When the pandemic first struck, South Korea quickly adapted to the necessary social distancing with what’s called “untact” initiatives. The Korean-English portmanteau of “un” and “contact” basically applies to anything that usually involved physical closeness to another person being replaced with a contactless digital alternative, like remote doctor appointments and food-ordering apps. K-pop stars also stopped having in-person concerts and meet-and-greets in favor of untact events. Fans now can watch their favorite idols perform songs on digitally augmented stages or chat with them over video calls.
This concept trickled down to beauty products, too with the rise of multi balms. For those unfamiliar, they are basically oversized lip balms for your whole face. You can glide them onto your face, neck, cuticles, or whatever feels dry for hydration and glow without using your germy fingers. They even have benefits beyond that, which I’ll get into soon enough.
Multi-use sticks have become so popular in Korea that Glowpick, a Korean beauty product review app, dubbed “untact beauty (언택트뷰티)” as one of the biggest trends of 2021. The nucleus of it was — and continues to be — the Kahi Wrinkle Bounce Multi Balm. Charlotte Cho, the cofounder of Soko Glam, agrees, noting the stick truly ignited the trend, and the sales numbers and SEO stats can verify this.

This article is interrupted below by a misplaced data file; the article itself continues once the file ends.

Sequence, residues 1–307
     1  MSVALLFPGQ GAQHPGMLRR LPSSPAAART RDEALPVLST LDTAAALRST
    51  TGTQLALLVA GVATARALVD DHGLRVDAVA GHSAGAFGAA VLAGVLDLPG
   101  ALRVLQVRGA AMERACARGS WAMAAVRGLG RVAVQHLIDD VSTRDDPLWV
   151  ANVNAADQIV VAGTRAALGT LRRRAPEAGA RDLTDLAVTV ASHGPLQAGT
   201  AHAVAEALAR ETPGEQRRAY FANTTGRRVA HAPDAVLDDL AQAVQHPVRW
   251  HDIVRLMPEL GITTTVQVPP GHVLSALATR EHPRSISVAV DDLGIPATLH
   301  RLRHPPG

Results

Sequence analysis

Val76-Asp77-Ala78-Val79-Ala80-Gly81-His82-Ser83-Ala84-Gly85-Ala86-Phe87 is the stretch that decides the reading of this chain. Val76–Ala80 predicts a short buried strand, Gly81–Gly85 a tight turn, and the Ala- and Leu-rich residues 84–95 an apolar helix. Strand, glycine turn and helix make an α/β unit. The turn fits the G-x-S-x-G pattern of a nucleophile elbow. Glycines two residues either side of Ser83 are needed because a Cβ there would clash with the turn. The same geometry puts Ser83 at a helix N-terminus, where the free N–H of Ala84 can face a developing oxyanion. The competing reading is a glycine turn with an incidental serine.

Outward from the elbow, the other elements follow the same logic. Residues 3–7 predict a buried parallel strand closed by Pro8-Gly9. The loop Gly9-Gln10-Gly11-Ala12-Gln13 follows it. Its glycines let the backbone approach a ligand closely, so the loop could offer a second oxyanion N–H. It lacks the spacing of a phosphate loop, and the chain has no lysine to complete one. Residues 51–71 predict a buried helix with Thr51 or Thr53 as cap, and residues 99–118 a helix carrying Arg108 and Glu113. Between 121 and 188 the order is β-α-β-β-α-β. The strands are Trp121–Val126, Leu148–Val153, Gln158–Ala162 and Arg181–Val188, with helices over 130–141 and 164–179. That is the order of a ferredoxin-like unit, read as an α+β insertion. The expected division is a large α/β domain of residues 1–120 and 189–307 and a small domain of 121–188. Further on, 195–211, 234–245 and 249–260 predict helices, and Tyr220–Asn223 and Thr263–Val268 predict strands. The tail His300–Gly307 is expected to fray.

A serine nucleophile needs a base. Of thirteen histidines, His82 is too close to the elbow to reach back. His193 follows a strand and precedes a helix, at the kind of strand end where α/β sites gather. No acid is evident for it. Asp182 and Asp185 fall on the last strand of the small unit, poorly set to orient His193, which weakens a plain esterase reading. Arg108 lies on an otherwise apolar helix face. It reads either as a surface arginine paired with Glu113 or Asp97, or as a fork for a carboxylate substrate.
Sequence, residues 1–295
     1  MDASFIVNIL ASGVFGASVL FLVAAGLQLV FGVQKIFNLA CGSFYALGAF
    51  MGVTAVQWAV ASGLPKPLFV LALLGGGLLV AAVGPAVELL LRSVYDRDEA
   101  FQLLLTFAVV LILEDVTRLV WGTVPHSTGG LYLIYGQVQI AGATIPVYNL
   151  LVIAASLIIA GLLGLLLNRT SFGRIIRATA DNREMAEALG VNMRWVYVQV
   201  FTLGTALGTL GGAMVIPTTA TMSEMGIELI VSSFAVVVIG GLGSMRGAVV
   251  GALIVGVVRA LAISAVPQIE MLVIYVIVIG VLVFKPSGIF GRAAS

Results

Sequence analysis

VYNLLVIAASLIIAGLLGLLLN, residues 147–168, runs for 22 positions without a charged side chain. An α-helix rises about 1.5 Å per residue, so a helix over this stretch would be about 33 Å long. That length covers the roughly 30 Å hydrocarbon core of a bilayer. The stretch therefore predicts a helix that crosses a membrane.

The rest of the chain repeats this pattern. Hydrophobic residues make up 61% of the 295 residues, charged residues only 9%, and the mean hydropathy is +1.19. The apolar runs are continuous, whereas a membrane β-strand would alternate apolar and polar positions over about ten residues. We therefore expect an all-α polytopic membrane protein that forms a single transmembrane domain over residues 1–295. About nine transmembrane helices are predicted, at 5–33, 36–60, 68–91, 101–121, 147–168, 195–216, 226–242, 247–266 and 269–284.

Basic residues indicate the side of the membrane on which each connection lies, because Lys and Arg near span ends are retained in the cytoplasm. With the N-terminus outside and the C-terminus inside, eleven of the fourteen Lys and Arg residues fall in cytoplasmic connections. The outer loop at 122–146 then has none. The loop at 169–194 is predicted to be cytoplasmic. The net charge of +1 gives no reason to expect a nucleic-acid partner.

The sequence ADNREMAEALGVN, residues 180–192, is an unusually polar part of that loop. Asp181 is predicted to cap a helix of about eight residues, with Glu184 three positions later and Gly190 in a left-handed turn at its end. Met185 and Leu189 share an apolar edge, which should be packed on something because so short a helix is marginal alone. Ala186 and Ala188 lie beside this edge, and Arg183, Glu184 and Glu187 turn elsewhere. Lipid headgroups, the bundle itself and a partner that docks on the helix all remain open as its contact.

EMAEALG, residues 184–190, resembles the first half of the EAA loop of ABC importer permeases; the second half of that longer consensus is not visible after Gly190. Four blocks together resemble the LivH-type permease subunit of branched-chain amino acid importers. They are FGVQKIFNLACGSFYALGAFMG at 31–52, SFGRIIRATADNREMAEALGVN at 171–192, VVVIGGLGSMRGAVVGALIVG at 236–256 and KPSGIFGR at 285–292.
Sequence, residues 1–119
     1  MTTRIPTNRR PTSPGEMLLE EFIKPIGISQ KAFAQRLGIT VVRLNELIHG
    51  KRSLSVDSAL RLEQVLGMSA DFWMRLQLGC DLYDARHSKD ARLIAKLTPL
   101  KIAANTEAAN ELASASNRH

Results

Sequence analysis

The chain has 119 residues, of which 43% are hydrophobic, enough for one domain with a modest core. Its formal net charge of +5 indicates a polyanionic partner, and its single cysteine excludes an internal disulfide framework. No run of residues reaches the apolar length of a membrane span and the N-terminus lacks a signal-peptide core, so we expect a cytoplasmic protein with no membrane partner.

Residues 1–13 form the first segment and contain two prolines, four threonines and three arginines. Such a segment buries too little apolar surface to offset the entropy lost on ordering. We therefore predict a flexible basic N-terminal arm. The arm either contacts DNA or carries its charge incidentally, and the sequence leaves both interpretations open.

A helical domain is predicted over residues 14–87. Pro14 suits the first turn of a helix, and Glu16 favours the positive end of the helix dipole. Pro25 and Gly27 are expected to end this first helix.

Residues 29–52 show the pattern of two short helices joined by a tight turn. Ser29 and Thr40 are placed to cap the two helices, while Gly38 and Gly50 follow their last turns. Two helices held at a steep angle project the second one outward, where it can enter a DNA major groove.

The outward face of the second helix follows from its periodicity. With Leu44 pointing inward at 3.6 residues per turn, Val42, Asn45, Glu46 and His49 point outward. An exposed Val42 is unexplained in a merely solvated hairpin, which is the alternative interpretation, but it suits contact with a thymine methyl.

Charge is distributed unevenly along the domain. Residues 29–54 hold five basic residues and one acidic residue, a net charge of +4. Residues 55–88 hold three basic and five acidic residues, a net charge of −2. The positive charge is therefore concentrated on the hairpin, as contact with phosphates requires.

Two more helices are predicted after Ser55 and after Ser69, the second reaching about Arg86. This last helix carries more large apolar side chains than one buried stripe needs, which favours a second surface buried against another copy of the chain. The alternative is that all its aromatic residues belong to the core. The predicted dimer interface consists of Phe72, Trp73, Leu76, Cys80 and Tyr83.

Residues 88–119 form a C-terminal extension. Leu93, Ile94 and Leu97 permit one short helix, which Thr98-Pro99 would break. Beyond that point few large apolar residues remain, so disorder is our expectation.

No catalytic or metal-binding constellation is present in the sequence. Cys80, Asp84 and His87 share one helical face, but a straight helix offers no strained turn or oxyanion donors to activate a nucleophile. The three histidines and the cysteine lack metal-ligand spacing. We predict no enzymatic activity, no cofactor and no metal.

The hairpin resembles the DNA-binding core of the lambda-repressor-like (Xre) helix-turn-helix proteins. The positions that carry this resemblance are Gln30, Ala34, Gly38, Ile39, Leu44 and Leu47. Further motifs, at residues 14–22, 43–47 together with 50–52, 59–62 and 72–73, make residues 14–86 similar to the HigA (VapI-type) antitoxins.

In 2021, searches for the Wrinkle Bounce Multi Balm went from about 100,000 to 12 million in just a year, and more than 10 million sticks have been sold as of February 2022, Jake Yi, the brand’s marketing director, shares with Allure. As of press time, Kahi remains the top-searched skin-care brand on Naver, Korea’s preeminent search engine.
Other Korean beauty brands, like AHC, Acwell, Banila Co., Mediheal, and Centellian 24 — to name a few — “wanted to jump on the trend and provide their own offering,” Cho says. Now, dozens of multi balms are available in Korea, proving sticks are no longer just house makeup and sunscreen as we have long seen this delivery system in America.
K-beauty has shown they can now be serums, essences, and moisturizers combined into one hygienic tube. Cho owes the overall success of multi balms to today’s beauty consumers looking for convenience and simplicity in their routine, especially since many people are wearing less makeup lately due to masks. They can reapply without much (or really any) mess.
Inside the Hub of Beauty Innovation
Because Seoul is so densely populated and has lightning-fast internet, Koreans are incredibly information savvy about everything, especially skin care, says Sophia Hong, a licensed Korean aesthetician and the founder of maskmoments.com, a biodegradable sheet mask subscription service. In turn, they always want the latest and greatest products. “This environment forces the Korean beauty industry to be more competitive and, in many ways, forces innovation,” she adds.